Jenny Slate has had the same nightmare for most of her life. She’s walking down the front steps of her childhood home in Milton, Mass., when she spots a man smirking back at her. He’s in “that Mona Lisa zone,” sporting “a tiny smile,” Slate tells me over the phone. (She was in Chicago, promoting her recently released book of memoir-ish essays, “Little Weirds.”)
“It’s very frightening,” she adds — so much so that Slate, 37, describes this recurring dream, which she stopped having only a decade ago, as her “original fear: Someone staring, and they won’t stop, and they smile like they understand what my eventual demise will be.”
It’s not lost on Slate that her childhood nightmare seems like an early manifestation of one of her later terrors: stage fright.
“It’s a weird dream to have as someone who became a performer and is asking for people to stare at you and full-on laugh,” says Slate, who starred in the 2014 indie drama “Obvious Child” but has become better known for her voice work in TV shows like “Big Mouth” and “Bob’s Burgers” (and, of course, Internet fave “Marcel the Shell with Shoes On”). Slate suspects her dread around being onstage, which she says she didn’t experience until her late 20s, stems from her disdain for inscrutability.
“I hate it when I can’t understand someone’s emotions,” she says. “It’s the withholding that makes me feel frightened.”
Perhaps that’s why her style is the total opposite of withholding. Whether she’s oversharing about her bodily functions or discussing the pain of her breakup with Captain America himself, Chris Evans, shortly after said split (she’s now engaged to artist and writer Ben Shattuck), Slate is willing to lay her emotions bare, to be vulnerable in ways that would scare most. It’s no surprise that she decided the best way to face her stage fright was to film a Netflix stand-up special with that exact name in front of roughly 400 people.
“If you’re like me and you’ve been onstage for almost 15 years and you’ve talked about everything,” she tells me matter-of-factly, “you might as well talk about the stuff that you haven’t talked about yet and hope that it’s funny.”
In her debut comedy special, streaming now, Slate revamped the usual stand-up format by adding some personal flourishes. “Stage Fright” is part live show — in which she delivers jokes about skeletons, turtlenecks, Catholic mass, making love to the moon, football, divorce, and what she would be like if she were a Susan instead of a Jenny (she’d kick down way more doors) — and part documentary. Old home video footage, interviews with her family and scenes of Slate rummaging through her grandmother’s closet are interspersed throughout. She also talks about the titular fear in great detail.
“I’ve tried to get hypnotized for it,” she says in the special, to cure her staged-induced anxiety, but the fright persists. “It ruins my day.” And it ruins her body: “I get like crazy diarrhea.”
Slate manages to perform her stand-up without any signs of gastrointestinal distress, what she doesn’t do in “Stage Fright” is actually get over it. “So, it’s funny,” Slate says as she discusses the press release for her special, which implied that she conquers her fear in a little over an hour. “That sort of confused me, because I was like, ‘No, no, no, no, no, never said that.’” She moves through the fear “in the moment, but it will always cycle back.”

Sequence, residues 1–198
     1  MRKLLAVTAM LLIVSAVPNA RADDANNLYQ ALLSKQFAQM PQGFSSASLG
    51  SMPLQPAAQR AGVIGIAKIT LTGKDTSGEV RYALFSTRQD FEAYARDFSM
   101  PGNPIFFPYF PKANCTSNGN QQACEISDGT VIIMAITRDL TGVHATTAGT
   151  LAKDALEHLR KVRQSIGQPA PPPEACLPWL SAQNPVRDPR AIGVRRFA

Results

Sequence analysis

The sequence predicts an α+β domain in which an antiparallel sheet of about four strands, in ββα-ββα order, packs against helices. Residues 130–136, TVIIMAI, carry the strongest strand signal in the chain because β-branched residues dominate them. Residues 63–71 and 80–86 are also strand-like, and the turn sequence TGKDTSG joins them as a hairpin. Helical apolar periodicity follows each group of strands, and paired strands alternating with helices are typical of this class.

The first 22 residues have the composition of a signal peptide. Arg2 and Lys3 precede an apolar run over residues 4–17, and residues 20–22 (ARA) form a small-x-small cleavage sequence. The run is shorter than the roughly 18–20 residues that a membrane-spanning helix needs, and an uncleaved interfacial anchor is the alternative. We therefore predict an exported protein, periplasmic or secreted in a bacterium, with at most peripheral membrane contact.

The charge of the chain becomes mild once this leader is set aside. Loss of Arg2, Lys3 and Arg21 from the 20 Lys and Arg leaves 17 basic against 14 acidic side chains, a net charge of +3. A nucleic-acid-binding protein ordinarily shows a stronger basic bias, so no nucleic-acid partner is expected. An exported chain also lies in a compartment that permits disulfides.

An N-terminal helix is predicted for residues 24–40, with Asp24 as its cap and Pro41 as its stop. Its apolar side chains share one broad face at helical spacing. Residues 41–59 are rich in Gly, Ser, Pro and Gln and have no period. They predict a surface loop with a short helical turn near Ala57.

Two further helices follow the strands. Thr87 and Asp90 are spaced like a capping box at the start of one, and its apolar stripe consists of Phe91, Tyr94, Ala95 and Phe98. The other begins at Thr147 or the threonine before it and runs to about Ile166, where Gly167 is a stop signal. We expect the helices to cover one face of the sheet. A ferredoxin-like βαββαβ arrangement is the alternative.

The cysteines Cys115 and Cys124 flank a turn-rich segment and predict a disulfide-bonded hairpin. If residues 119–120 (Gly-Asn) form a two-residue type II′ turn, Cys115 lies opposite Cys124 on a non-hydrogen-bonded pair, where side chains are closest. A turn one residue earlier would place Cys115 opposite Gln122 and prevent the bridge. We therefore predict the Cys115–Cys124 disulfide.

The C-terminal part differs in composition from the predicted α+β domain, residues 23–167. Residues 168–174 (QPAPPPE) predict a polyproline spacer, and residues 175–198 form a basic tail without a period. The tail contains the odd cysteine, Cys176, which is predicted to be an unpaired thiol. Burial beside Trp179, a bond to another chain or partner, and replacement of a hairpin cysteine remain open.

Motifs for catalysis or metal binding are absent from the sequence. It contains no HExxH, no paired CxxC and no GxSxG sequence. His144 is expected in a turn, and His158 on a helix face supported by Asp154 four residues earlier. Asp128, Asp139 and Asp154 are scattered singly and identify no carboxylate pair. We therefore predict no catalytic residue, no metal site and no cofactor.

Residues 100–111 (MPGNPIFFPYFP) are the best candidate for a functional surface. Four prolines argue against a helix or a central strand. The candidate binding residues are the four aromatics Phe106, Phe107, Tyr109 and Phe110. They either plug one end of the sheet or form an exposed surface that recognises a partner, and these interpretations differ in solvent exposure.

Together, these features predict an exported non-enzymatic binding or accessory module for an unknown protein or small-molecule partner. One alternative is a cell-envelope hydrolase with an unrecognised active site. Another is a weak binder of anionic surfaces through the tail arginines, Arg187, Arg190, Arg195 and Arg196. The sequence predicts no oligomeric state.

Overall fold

And guess what? That’s just fine. Slate is perfectly okay with being a little afraid. Some anxieties, she says, are actually useful. Like, say, her fear of ghosts. In both her special and book, she recounts growing up in a haunted house full of spirits that her sisters and dad allegedly saw up close. She never got a glimpse of any supernatural beings, but she’s still spooked.
“I think I owe that underscoring of terror quite a bit of gratitude,” she says of her lifelong paranormal paranoia. “I’m glad that I felt those heightened feelings of terror because it made me seek out safety. It also made me understand that within environments and people that you love there can be a duality of darkness and light. So, I’m happy for it. And,” she adds, “I think if I didn’t live in the haunted house I might just be a bit more basic.”
She’s learned that there is a hierarchy to her fears. The good kind push her to grow: “Like my shyness,” she says. She sometimes doubts she’ll be accepted, “so that makes me want to be flexible and open-minded about people so that we can connect. That’s a fear to keep.”
She’s actively working to ditch the bad kind, such as feelings of abandonment and betrayal that bubble up when she’s experiencing her worst bouts of anxiety. “I want them to go away is because they don’t reflect my reality,” she says.
Then there are the weird fears, those she wears like little badges of honor. They include stained upholstery and horses (“They’re scary and they’re too big and I don’t like their feet,” she says of equines).
Slate exposes and interrogates her fears in an effort to get to the truth about who she is. Her ultimate goal is self-actualization, but recently, she says, her dad, Ron, dropped some food for thought.
“He said, ‘Completeness is not a virtue, Jen. It’s really about the process and that if you’re lucky, you’ll be in your process until you die.’”
Part of Slate’s process involves understanding how all the disparate parts of herself — her “little weirds,” as she calls them — come together. She believes fear is a big chunk of her makeup, and sometimes fright and love are interwoven. “It’s like Russian dolls of emotion in that way,” she says. “The fear is within a love within a fear within a love.”
Perhaps one day she’ll even manage to tease out a little love for horses.
“I recently went to a psychic who got everything right, like everything right, but then she was like, ‘You need to get on a horse,’ but like no,” Slate says. Well, “maybe.”